B. Substantial State Interest
According to the Seattle Office for Civil Rights, the Fair Chance Housing Ordinance aims to help ex-convicts, who have served their time, reintegrate into society. Discrimination, housing, and criminal justice reform are quintessential state interests that are the constant target of government regulation efforts. Given that in Central Hudson itself, the Court found that encouraging fair electricity rates was a substantial state interest, the weightier concern of housing discrimination in this case will almost certainly pass this prong as a substantial state interest.
C. Direct Advancement
A law which only tangentially achieves the claimed state interest will fail the third Central Hudson prong. However, the Fair Chance Housing ordinance plainly advances the city’s claimed mission of facilitating housing for ex-convicts by prohibiting practices that categorically exclude ex-convicts from applying for housing. As applied to racial discrimination, the HUD’s Office of General Counsel released a memo in 2016 recognizing the connection between using convictions to screen rental applicants and disparate racial impact.
There is one snag regarding this prong. The ordinance excepts landlords who provide federally assisted housing because federal law requires those landlords to deny applicants with certain kinds of convictions. Opponents could argue that this exception eviscerates the law’s purpose by subjecting potentially thousands of recipients of federal aid—and perhaps those most in need of protection by the law—to discrimination by necessity to comply with federal law. A city’s hands are tied on this matter as it has no power to overrule federal guidelines. A court could very well conclude that such a large exception frustrates the purpose of the entire scheme created by the law, and, thus, the ordinance does not directly advance the claimed interest.
D. Ends-Means Fit
The fourth prong of Central Hudson requires that the restriction on speech be no greater than necessary to serve the claimed state interest. This prong requires a court to look at how narrowly tailored the law is in achieving its stated purpose. Whether the ordinance passes this prong depends heavily on whether it passed the third prong, because if a court accepts that the law directly advances the interest in reducing housing discrimination against ex-convicts, then the law is plainly as restrictive as necessary to achieve that goal. After all, the best way to prevent landlords from discriminating based on a criterion is to prohibit landlords from asking about that criterion. However, if the court believes that the ordinance’s exceptions override its purpose, then those same exceptions would render the law underinclusive, because it permits a whole class of landlords to continue to discriminate based upon criminal convictions.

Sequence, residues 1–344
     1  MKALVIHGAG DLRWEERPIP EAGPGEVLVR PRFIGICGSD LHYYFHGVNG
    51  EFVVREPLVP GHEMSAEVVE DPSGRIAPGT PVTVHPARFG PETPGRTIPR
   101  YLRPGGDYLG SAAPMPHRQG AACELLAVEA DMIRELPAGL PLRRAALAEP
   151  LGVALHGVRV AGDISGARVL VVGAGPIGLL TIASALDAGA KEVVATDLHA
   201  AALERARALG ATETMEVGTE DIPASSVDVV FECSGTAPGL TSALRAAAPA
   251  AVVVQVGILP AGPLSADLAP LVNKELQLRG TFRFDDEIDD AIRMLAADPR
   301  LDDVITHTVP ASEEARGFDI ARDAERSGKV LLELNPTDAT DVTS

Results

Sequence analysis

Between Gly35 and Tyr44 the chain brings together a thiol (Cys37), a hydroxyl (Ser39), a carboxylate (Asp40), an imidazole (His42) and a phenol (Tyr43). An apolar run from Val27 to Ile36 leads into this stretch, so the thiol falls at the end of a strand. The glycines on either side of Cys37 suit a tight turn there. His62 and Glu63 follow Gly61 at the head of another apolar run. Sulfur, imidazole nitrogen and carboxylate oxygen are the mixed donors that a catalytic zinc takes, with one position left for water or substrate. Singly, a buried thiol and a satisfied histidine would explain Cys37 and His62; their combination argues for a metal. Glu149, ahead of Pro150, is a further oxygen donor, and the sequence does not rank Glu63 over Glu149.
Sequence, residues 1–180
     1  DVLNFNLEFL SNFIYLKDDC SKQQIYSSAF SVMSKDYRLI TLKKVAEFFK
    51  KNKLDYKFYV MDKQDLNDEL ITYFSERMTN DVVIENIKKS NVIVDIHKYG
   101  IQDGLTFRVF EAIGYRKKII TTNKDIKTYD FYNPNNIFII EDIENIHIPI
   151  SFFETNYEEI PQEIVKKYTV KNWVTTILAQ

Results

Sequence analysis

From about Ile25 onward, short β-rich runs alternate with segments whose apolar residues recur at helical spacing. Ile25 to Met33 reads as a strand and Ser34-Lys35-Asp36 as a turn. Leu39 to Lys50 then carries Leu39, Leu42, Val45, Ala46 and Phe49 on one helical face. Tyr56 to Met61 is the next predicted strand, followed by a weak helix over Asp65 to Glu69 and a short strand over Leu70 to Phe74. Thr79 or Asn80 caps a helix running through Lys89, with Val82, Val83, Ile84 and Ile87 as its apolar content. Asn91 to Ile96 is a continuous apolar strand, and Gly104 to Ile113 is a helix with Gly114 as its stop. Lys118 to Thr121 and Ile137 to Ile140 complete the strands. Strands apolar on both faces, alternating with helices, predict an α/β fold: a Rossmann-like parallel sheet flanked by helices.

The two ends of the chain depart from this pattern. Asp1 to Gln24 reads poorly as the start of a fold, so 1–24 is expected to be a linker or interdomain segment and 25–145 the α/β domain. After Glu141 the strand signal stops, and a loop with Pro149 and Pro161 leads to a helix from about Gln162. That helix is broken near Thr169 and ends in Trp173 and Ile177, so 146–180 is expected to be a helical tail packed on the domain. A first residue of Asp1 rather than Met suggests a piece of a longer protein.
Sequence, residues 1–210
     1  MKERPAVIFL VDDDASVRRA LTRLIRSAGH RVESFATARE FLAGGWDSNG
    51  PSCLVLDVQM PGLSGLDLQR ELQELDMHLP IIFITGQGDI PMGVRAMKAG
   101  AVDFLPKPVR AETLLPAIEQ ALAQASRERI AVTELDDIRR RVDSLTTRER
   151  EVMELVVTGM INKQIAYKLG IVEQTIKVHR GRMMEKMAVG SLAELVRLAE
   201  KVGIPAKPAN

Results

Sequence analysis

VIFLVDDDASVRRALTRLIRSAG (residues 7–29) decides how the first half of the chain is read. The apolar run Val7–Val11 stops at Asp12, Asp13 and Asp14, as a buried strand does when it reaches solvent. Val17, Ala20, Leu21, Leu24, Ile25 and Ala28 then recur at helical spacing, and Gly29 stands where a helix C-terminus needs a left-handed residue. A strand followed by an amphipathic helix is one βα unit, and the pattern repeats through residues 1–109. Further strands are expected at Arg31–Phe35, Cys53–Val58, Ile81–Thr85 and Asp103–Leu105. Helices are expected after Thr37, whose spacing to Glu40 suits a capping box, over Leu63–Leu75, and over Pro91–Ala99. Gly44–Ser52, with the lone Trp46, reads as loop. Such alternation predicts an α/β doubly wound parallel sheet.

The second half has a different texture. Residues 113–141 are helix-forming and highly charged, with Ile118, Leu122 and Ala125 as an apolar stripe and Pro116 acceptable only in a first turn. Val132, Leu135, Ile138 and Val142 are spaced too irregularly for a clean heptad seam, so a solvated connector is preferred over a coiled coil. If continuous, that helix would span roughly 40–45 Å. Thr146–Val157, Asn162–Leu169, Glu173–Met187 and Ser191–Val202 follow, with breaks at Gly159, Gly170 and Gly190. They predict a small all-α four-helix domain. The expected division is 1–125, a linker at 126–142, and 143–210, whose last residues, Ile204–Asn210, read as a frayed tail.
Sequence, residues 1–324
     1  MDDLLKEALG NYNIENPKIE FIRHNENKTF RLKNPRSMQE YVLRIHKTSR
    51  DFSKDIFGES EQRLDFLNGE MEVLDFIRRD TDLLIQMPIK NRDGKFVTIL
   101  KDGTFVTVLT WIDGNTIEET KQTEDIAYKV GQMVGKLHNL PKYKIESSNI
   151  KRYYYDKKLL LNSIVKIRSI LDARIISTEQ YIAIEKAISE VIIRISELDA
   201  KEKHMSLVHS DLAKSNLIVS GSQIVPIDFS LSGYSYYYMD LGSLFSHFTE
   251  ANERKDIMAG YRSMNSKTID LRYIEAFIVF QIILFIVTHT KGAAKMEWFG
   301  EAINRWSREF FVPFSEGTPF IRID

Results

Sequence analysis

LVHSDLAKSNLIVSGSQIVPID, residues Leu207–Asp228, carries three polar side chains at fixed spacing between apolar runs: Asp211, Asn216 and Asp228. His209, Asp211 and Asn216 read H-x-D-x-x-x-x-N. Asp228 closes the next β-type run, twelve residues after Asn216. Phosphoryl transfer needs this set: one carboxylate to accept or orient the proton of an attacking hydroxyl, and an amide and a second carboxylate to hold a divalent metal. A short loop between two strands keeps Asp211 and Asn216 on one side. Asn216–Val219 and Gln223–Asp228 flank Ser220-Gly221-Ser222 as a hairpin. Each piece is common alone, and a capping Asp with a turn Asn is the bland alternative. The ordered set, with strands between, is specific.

As Seattle battles with landlord advocacy groups in federal court over its ordinance, it remains to be seen whether the law will stand under both federal and Washington constitutional law. However, under the Central Hudson analysis, it seems unlikely that the Fair Chance Housing ordinance runs afoul of the First Amendment. It’s important to separate the speech issues with such an ordinance—the part of the law that bans a landlord from asking about a criminal conviction—from the main thrust of the ordinance, which is to prohibit discrimination on the basis of criminal convictions. Under a pure First Amendment challenge, only the speech component of the ordinance is challenged. Thus, whether it is wise policy to prohibit the use of criminal convictions in rental decisions is largely irrelevant to the question of whether Ban the Box laws violate the First Amendment.
Fair Chance Housing Ordinance, Seattle Muni. Code Ch. 14.09.
Seattle Muni. Code §1409.025(A)(2).
See 24 C.F.R. §982.553.
See e.g. Fair Chance Employment Act, Cal. Pub. Cont. Code Ann. § 10186 (West).
No. C18-0736-JCC, 2018 WL 5825965 (W.D. Wash. Nov. 8, 2018).
Clark v. Community for Creative Non-Violence, 468 U.S. 288, 293 (1984).
Brown v. Entertainment Merchant’s Ass’n., 564 U.S. 786, 799 (2011).
See Central Hudson Gas & Electric Co. v. Public Service Comm. Of New York, 447 U.S. 557 (1980).
San Francisco Apt. Assn. v. City and County of San Francisco, 881 F.3d 1169, 1176 (9th Cir. 2018).
Id. at 566.
City’s Opposition and Cross Motion, Yim v. City of Seattle, No. C18-0736-JCC (W.D. Wash. Oct. 26, 2018).
Pittsburgh Press Co. v. Pittsburgh Commn. on Human Rel., 413 U.S. 376, 388 (1973).
Central Hudson, 447 U.S. at 568.
Id. at 565.
U.S. Dept. of Housing and Urban Dev. Office of General Counsel Guidance on Application of Fair Housing Act Standards to the Use of Criminal Records by Providers of Housing and Real Estate-Related Transactions (Apr. 4, 2016).